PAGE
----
Alternative Homemaker


My good friend Anjali is one of the most creative people I know. In the 12+ (!) years that I’ve known her, there has never been a time that she hasn’t been working on a new project (or three). These projects have included (but have not been limited to): jewelry-making, sewing her own clothing, knitting, making decorations for theme parties (and coming up with ideas for theme parties), papier-mache, designing outrageous Halloween costumes, and developing interesting (and attractive!) concoctions in the kitchen.

That latter interest has recently led her to make her first foray into the world of blogging, so that she can share her creations and the results of her experiments with the world.

My favorite posts so far are:

…with many more on the way. I can’t say the various attempts at bacon ice cream really do much for me, but I am a chickentarian after all.

Oh, and I almost forgot to mention — by day she’s kicking ass as a first-year medical student, and this is somehow done during her copious amounts of free time.

Snow and More Snow

I’m in California for the weekend visiting my family. I just decided to check weather back in Seattle so that I’d know what to expect upon arriving early tomorrow morning. Gorgeous:

Interestingly, Kenny told me that snow was a pretty rare occurrence in Seattle during his first six winters there. This is my fifth winter in Seattle, and we’ve seen snow every year. El Nino/La Nina? Climate change? (Somebody get Al Gore on the phone)

And while it looks like this coming week will be complete crap, it bodes well for snowboarding next weekend! This will be my first chance this winter, since I’ve been out of town for six weekends out of the last seven. Crystal got six inches last night.

On Being Chickentarian in Indochina

Being chickentarian* in Vietnam and Cambodia involved some challenges, but in general it wasn’t too difficult. I think that being vegetarian, on the other hand, would be much more difficult.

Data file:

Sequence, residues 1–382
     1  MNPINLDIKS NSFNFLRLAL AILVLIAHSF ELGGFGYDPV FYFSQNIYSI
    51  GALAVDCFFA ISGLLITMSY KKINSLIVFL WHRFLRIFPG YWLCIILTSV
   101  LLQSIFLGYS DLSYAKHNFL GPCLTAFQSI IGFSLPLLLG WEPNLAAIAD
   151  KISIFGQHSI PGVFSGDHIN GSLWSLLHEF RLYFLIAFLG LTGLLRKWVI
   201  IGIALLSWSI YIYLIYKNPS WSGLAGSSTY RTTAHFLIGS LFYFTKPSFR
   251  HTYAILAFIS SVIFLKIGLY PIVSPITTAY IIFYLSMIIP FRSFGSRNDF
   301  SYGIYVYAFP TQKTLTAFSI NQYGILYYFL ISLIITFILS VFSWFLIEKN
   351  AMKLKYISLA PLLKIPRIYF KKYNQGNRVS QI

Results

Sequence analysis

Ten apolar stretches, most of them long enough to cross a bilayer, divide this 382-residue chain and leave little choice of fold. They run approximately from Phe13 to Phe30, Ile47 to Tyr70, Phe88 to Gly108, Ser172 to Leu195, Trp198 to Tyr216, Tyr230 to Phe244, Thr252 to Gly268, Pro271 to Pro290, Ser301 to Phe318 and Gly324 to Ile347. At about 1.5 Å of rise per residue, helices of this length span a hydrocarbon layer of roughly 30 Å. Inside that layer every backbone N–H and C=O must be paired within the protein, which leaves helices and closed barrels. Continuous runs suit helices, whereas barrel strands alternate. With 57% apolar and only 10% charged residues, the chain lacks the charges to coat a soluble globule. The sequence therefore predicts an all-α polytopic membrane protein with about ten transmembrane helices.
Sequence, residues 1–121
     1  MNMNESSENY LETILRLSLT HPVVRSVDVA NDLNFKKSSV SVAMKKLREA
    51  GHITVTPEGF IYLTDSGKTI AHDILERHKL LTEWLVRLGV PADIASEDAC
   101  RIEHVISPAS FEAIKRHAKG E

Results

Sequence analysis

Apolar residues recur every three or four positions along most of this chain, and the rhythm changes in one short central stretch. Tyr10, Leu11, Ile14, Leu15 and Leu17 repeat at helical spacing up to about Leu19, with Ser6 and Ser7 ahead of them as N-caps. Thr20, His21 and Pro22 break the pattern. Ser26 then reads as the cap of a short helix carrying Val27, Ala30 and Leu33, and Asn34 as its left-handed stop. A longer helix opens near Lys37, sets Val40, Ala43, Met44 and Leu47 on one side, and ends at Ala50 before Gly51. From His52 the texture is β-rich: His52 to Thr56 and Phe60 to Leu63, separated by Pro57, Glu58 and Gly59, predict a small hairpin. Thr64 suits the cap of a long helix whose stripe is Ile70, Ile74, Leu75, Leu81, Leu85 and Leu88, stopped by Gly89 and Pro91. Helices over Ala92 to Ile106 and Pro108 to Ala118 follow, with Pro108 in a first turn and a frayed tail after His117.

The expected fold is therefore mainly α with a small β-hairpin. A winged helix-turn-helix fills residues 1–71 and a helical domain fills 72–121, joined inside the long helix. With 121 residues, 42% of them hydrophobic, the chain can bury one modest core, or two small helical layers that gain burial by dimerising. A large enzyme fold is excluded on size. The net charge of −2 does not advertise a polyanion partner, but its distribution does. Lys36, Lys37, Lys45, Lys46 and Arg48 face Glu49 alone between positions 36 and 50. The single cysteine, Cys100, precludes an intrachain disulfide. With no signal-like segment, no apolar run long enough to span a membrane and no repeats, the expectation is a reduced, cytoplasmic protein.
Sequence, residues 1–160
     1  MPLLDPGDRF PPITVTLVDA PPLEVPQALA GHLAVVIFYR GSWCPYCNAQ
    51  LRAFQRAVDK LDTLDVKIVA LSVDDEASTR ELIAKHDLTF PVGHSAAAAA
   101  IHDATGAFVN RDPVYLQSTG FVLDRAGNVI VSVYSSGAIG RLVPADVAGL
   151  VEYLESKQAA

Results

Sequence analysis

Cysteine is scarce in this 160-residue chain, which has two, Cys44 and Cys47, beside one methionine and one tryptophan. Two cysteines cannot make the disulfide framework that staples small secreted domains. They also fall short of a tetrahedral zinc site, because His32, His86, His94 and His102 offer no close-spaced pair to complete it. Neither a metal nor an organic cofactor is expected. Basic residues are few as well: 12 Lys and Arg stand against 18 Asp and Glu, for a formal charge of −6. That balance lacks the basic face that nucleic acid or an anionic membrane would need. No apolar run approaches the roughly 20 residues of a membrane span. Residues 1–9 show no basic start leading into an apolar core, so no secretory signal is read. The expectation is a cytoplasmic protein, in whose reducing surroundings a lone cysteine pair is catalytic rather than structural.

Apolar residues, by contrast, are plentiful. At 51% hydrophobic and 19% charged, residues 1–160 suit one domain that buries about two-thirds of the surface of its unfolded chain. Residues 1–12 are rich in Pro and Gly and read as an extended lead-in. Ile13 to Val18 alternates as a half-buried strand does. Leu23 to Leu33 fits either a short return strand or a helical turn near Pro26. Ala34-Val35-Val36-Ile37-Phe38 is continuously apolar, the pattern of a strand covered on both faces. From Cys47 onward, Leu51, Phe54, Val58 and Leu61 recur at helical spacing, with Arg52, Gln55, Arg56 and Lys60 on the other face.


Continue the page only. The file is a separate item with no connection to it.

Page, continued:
A few observations:

  • Interestingly, I had an easier time finding good chickentarian food in the north than in the South (perhaps nowhere was as easy as Hang Ga)
  • The chickentarian options on the Santa Maria Cruiser (Halong Bay) were fantastic and plentiful.
  • Hue seemed to be a pho bo town for some reason — it was very hard to find ga, except at Pho 24 (more about Pho 24 in a later post).
  • There are also many “Hue specialties” — food dating back to Imperial Vietnam — almost all of which contain pork. FWIW, they look very good.
  • There was all kinds of seafood to be had in Nha Trang, which was all kinds of goodness.
  • We had two meals in the street stalls in Vinh Long, one before and one after our boat trip. Vinh Long is somewhat remote, and very few people spoke English there. The first time it was a bit difficult to find anything — but a nice vendor made me a banh xeo (pancake that normally contains shrimp and pork) without the pork, in response to some very creative sign language on Kenny’s part. The second time, we had com ga (rice with chicken), which was fine, if a bit boring.
  • Back in Saigon, it wasn’t especially easy to find chicken, and when we did, it was often a bit plain. In Saigon and elsewhere, we had a couple of dishes called “chicken with chili and lemongrass” that were disappointing (although we had an amazing version of the same in Hanoi!). Our three (!) meals at Pho 2000 were the exception — this was probably the highest quality chicken we had on our entire trip.
  • One time while we were in Saigon, we sat down in a restaurant without inspecting the menu first. After we saw the menu, we noticed that there was nothing for me and had to walk out!